Nor is it anything like Venezuela under the socialist leadership of Hugo Chavez and Nicolás Maduro where hyperinflation in 2019 hit 10million per cent in 2019. This saw the a kilogram of milk powder cost 19,995 bolívars or half a typical salary (pictured is a long queue of retireees lining up outside banks in September 2018 to collect money from their pensions)
Used car prices in September were 36 per cent higher than before the start of the pandemic in March 2020 and are 11 per cent more expensive than a year ago, data from Datium Insights and Moody’s Analytics showed (pictured is a 2013 VF-series Holden Commodore SSV)
That would still be below the long-term average but it would be the highest annual pace since the June quarter of 2013.
Australian house price increases
SYDNEY: Up 30.4 per cent to $1,499,126
MELBOURNE: Up 16.8 per cent to $1,037,923
BRISBANE: Up 15.3 per cent to $702,455
ADELAIDE: Up 20.1 per cent to $667,888
CANBERRA: Up 32.4 per cent to $1,074,187
PERTH: Up 9.8 per cent to $598,601
HOBART: Up 31.9 per cent to $698,612
DARWIN: Up 33.2 per cent to $640,068
Source: Domain data on median house prices in the year to September 2021
Westpac chief economist Bill Evans said wages growth instead of global Covid supply constraints were likely to push up consumer prices next year.
‘As we move through 2022 the source of the inflation pulse is likely to pivot from supply constraints to rising wages growth as the unemployment rate falls below 4 per cent by year’s end,’ he said.
An economic recovery, following the end of Covid travel and trading restrictions, could also see the Reserve Bank of Australia raise interest rates in 2023, breaking a promise to leave it on hold until 2024 ‘at the earliest’.
Westpac is now forecasting the RBA moving in February 2023, which would see the cash rate rise from a record-low of 0.1 per cent and climb to 1.25 per cent by the end of 2024.
An interest rate rise also means higher mortgage rates, now as low as 2 per cent, even if the banks source most of their funds from overseas money markets instead of the Reserve Bank.
But it will at least slow down the rise in property prices.
Westpac is expecting Sydney property price growth to slow to 6 per cent in 2022 and fall by 6 per cent in 2023 as the Reserve Bank of Australia puts up interest rates.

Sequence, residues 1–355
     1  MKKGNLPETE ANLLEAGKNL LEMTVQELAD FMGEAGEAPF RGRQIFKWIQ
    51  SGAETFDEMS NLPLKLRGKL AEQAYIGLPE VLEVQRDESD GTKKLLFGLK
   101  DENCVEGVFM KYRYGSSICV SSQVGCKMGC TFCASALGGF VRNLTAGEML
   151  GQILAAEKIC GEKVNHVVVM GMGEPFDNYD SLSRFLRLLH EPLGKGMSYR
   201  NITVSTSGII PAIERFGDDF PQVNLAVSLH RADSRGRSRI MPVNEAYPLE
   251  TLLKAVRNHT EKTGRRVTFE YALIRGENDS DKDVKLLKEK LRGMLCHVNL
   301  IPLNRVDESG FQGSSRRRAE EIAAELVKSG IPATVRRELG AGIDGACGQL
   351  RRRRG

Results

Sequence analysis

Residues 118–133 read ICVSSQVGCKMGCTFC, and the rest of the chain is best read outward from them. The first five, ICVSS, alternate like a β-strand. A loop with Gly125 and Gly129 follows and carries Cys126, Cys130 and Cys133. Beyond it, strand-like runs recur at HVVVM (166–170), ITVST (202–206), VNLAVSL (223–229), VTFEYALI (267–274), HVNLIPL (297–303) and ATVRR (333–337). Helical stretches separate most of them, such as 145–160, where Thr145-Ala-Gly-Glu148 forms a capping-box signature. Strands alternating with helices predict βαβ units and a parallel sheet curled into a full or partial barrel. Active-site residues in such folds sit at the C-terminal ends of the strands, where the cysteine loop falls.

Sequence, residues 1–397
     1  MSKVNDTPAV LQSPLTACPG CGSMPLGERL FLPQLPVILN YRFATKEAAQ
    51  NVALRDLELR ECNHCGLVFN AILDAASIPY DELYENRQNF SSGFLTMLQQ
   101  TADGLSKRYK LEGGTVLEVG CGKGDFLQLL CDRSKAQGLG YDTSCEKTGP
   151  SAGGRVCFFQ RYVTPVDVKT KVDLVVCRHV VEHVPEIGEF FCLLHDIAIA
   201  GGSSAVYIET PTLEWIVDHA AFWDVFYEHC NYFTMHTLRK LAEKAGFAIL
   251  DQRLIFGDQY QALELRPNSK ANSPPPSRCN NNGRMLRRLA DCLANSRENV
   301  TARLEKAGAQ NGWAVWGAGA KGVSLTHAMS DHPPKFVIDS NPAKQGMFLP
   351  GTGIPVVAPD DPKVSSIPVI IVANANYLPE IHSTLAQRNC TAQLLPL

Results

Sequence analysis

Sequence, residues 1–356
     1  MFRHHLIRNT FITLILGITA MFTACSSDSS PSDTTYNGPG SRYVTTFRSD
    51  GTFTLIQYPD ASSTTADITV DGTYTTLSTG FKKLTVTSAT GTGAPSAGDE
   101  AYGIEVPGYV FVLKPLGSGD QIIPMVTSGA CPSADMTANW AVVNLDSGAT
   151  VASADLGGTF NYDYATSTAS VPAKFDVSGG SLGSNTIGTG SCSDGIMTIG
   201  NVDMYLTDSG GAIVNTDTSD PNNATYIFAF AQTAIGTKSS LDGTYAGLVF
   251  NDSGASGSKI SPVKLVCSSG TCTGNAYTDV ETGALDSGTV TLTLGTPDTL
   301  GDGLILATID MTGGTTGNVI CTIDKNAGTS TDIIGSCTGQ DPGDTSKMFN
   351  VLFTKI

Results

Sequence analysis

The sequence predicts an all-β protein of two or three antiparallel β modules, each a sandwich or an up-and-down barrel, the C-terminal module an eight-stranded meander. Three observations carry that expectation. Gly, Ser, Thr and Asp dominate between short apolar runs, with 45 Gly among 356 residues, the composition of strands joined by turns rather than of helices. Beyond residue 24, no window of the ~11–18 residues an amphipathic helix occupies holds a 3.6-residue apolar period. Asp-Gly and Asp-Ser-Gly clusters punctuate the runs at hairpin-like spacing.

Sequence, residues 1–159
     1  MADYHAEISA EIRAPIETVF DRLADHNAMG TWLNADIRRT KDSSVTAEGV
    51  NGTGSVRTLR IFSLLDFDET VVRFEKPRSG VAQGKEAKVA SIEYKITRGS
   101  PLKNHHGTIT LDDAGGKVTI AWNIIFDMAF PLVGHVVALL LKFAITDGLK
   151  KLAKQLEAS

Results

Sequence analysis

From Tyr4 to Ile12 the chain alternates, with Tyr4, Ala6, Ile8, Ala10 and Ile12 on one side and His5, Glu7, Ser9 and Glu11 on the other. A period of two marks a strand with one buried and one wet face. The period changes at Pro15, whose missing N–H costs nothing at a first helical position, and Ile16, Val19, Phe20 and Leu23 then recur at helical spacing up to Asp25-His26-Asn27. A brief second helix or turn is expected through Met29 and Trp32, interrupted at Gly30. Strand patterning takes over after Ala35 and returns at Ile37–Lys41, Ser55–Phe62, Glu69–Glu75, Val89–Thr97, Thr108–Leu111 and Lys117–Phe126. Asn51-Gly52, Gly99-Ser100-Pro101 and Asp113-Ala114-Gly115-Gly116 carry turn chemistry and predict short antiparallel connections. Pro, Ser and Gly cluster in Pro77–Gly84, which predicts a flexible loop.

In the year to September, Sydney house prices surged by 30.4 per cent to a ridiculously affordable $1.499million, Domain sales data showed.
Real estate value increases have vastly outperformed both wage increases and inflation, with separate CoreLogic data showing property prices across Australia in September climbed by 20.3 per cent – the fastest annual pace since June 1989.
In the year to September, Sydney house prices surged by 30.4 per cent to a ridiculously affordable $1.499million, Domain sales data showed. Real estate value increases have vastly outperformed both wage increases and inflation (pictured is a house in Sydney)
Westpac expected Sydney property prices to have rise to by 27 per cent in 2021 before dramatically slowing a 6 per cent in 2022, followed by a 6 per cent drop in 2023
The consumer price index in the year to September rose by 3 per cent, which was at the top end of the Reserve Bank’s 2 to 3 per cent target.
While high, it was below the June quarter’s annual increase of 3.8 per cent – itself the highest since 2008 but nowhere near the 12.4 inflation rate of 1982 during a prolonged drought.
Nonetheless, the official inflation data had petrol prices at 153.85 cents a litre, following a 7.1 per cent rise in just three months.
By this week, average unleaded prices in Sydney and Melbourne had climbed past 172 cents a litre with Adelaide motorists paying 180 cents a litre.
Used car prices in September were 36 per cent higher than before the start of the pandemic in March 2020 and are 11 per cent more expensive than a year ago, data from Datium Insights and Moody’s Analytics showed.
Food has been mixed with the official inflation data showing beef and veal prices rising by 10.9 per cent as restaurant bills went up by 2.8 per cent.
Transport costs rose by 10.4 per cent but clothing and footwear prices went down by 3.9 per cent.
As for Mr Dorsey, he must be expecting an economic rebound considering that two months ago, his Square group announced it would take over Australian buy now, pay later juggernaut Afterpay for $39billion.
Nonetheless, the official inflation data had petrol prices at 153.85 cents a litre, following a 7.1 per cent rise in just three months. By this week, average unleaded prices in Sydney and Melbourne had climbed past 172 cents a litre with Adelaide motorists paying 180 cents a litre (pictured is a Sydney service station in October 2019)